Category: Agricultural ExportsCriminal PenaltiesICE

cheeseA reader sent me this press release from Immigration and Customs Enforcement:

One officer and a former officer with the Niagara Regional Police Service (NRP), and an associate are in custody in Canada Thursday following an investigation into a cheese smuggling scheme. …

The arrests were announced by James Spero, special agent in charge, U.S. Immigration and Customs Enforcement’s (ICE) Homeland Security Investigations (HSI) Buffalo, the Canadian Border Services Agency (CBSA) and the NRP. …

Scott Heron, 39, Casey Langelaan, 48, and Bernie Pollino, 44, all of whom reside in Fort Erie, Ontario, have been charged for smuggling goods, evasion of duties and other related charges under Canadian laws. …

The network involved the purchasing of cases of cheese and other food items in the United States and transporting them into Canada without declaring the items or paying duty. Once the products arrived in the country, they were sorted and prepared for distribution to a variety of restaurants in southern Ontario.

Who knew that it was ICE’s job to help Canada put U.S. cheese makers out of business with punitive tariffs on American cheese?

Permalink Comments (3)

Bookmark and Share



May

8

Dead Chickens By Sea: A Hard Warming Story


Posted by at 5:30 pm on May 8, 2012
Category: Agricultural Exports

Gulf Coast Cold StorageUsually criminal export defendants are in the dock for exports of night vision, stun guns, or high-tech chemical processing equipment. Today we have criminal defendants who were indicted for exporting insufficiently chilled chickens from Pascagoula, Mississippi to Russia, proving, I suppose, that even exporting chickens can be a dangerous business these days.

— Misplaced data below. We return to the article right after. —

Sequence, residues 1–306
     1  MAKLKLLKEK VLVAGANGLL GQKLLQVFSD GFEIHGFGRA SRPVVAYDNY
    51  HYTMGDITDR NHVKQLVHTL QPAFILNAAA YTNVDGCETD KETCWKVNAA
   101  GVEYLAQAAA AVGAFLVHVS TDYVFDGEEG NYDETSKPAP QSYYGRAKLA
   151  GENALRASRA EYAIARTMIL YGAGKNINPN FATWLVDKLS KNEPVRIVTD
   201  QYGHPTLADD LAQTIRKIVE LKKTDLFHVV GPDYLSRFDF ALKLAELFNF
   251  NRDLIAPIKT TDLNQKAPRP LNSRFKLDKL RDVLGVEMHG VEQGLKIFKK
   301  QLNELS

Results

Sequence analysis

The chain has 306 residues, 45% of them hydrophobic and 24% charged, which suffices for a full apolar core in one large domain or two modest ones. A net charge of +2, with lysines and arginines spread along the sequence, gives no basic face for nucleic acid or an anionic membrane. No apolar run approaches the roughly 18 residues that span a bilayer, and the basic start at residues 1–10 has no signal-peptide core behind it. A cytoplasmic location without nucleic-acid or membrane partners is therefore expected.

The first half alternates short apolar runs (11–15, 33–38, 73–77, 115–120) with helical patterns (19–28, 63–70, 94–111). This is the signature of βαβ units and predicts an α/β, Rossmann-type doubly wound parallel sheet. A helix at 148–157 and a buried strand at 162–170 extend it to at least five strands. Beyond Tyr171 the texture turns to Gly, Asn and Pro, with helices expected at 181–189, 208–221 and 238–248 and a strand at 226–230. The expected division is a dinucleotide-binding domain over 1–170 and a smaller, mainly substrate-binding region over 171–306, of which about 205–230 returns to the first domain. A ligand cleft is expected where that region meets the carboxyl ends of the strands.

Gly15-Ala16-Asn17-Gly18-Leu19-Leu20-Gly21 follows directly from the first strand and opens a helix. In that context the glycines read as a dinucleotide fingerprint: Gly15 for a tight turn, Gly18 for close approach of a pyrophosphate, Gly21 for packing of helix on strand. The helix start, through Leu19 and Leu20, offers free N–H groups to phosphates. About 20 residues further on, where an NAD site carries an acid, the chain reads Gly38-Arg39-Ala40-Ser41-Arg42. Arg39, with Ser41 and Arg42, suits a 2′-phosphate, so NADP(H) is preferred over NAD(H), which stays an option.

The indictment describes an alleged conspiracy by the three defendants, all employees at Gulf Coast Cold Storage, to remove dressed chicken carcasses from blast freezers before they had reached certain temperatures required by the trade agreement between the U.S. and Russia. In other instances, the defendants were alleged to have put chicken that reached higher than permissible temperatures back into the blast freezers.

Why, you must be asking, is the U.S. concerned about exports of warm chickens to Russia? Can they be weaponized into chicken wings of mass destruction? Will the warm chickens be served, pathogens and all, to Russian political prisoners? No, the warm chickens became criminal export violations through the wondrous intervention of the federal prosecutor’s jack-of-all-trades and catch-all statute, 18 U.S.C. § 1001, a/k/a the Martha Stewart law, which can transform almost any activity otherwise legal under U.S. law into a federal crime. Just as Martha Stewart went to jail for lying about perfectly legal activities, so the Pascagoula Three risk jail time for an allegedly untrue statement on an export certificate with respect to processing techniques that would not themselves have violated U.S. law.

When required by importing countries, as is the case with Russia for poultry exports, the Food Safety and Inspection Service of the U.S. Department of Agriculture will issue an export certificate attesting that the product complies with the importing country’s requirements. The exporter fills out an application for that certificate on FSIS Form 9060-6 which has a certification at the end that “the product covered by this application for export meets the inspection requirements for the country of destination.” This was the alleged false statement that served as the basis of the 18 U.S.C. § 1001 charge.

In order to sustain a conviction under 18 U.S.C. § 1001, the prosecution must demonstrate that the defendants knew that their statements were false. United States v. Yermian, 708 F.2d 365 (9th Cir. 1983). Here that means that the prosecution must show that three guys working in a blast freezer in Mississippi were familiar with Russian law on chicken processing. That seems to be a heavy burden, although the indictment suggests that one or more of the defendants told others to report false chicken temperatures, which I suppose will be argued as proof that they knew the temperature requirements of Russian law.

And the moral of the story? It’s this: there is no product so benign or inconsequential that someone can’t figure out how to send you to jail for exporting it.

Permalink Comments Off

Bookmark and Share